If you’re looking for an impressively varied strategy simulation title, there’s little else on the Switch that compares to Thea. Its mechanics take a solid amount of time to pick up, but once you have a good grasp on things, you can settle into a nice and comfortable gameplay loop. Your ultimate goal might be a large town, or a dedicated group of high-level warriors. Whatever it is, Thea gives you a great deal of freedom to do it, as long as you trust and prepare for the unexpected. For fans of simulation titles, Thea is an easy recommendation – for Role-playing enthusiasts, it might be a bit of a risk. If you’re willing to submit to the gods and take risks, you’ll find a game with satisfying depth, mixed presentation, and a lengthy and fun campaign loop.
Thea: The Awakening is one of many games that ended up slipping through the cracks around here for one reason or another, meaning the Nintendo Switch release is my first real experience with it, but all of the talk I’d heard about how it incorporates a number of totally different genres without becoming defined by any of its disparate elements was 100% accurate. Chatter about Thea: The Awakening‘s PC version being superior to its console counterparts also ended up having some substance behind it.
Thea does almost everything decently, but its flaws hold each of its parts back from being great. The one undeniable success in the game is the top tier story and worldbuilding that makes the game worth your time if you can get past the flaws.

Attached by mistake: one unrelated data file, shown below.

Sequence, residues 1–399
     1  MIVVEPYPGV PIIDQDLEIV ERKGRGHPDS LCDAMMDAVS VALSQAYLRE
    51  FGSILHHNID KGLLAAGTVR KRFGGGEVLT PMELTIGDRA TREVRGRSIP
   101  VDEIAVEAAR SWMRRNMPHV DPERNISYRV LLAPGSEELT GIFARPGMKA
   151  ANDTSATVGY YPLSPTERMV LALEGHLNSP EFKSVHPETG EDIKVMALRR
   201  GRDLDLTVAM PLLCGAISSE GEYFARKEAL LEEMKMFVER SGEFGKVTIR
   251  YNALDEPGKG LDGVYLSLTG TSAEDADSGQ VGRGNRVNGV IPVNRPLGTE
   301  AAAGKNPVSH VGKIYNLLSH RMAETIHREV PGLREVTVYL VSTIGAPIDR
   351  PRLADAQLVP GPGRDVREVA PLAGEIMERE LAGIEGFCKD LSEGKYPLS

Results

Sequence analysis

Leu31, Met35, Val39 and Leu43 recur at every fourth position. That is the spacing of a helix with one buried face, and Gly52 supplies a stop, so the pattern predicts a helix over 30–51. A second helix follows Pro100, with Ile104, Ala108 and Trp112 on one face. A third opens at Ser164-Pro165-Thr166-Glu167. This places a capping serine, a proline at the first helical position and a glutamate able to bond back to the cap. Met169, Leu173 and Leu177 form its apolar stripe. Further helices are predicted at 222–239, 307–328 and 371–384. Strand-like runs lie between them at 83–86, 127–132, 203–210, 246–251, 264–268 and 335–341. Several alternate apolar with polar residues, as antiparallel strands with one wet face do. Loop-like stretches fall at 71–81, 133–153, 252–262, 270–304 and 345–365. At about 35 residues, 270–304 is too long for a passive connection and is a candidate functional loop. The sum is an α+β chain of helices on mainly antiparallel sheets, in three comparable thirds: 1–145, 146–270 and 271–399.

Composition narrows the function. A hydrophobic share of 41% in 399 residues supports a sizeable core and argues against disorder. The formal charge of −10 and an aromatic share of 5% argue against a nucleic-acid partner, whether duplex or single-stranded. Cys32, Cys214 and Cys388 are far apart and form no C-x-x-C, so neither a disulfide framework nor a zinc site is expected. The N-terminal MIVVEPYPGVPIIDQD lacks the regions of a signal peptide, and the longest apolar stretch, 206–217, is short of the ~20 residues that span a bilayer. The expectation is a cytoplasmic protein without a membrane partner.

With so many interlocking systems, Thea: The Awakening is a bit of a Frankenstein of a game, but kudos to MuHa for bolting together everything so seamlessly and for trying something new, though it might be time for developers to put card game subsystems on ice for a few years.
There's a lot of good in Thea: The Awakening. Nearly every bit of text is voiced, it's cool being able to grow your group of people, handling combat head-on or simply selecting to auto-resolve is implemented well, and there's a great deal of customization.
Never mind the fact that Thea: The Awakening can frequently feel like a needlessly complicated 4X stategy/survival rogue-like/card battler. If that was its only issue, this would be an easy recommendation. Regrettably, the inconvenience that is its user interface mars what could be something really awesome.
The game is certainly not a bad showing of a top down survival 4X title, but when compared to other similar titles in the genre, there isn’t really anything to pull the player back in for more.
Thea: The Awakening wants to be many things. It wants to be a proper 4X game; it wants to be a through-and-through survival experience; it wants to be an RPG, a CCG and many other genres all at once. It succeeds at some, but often at the expense of others. There are some really great ideas here – the almost Pratchett-esque silliness to some of its scenarios and the focus on Slavic myths serves as a striking source of inspiration – but the focus on micro-management busywork simply gets in the way of the empire-building fun Thea should really be embracing.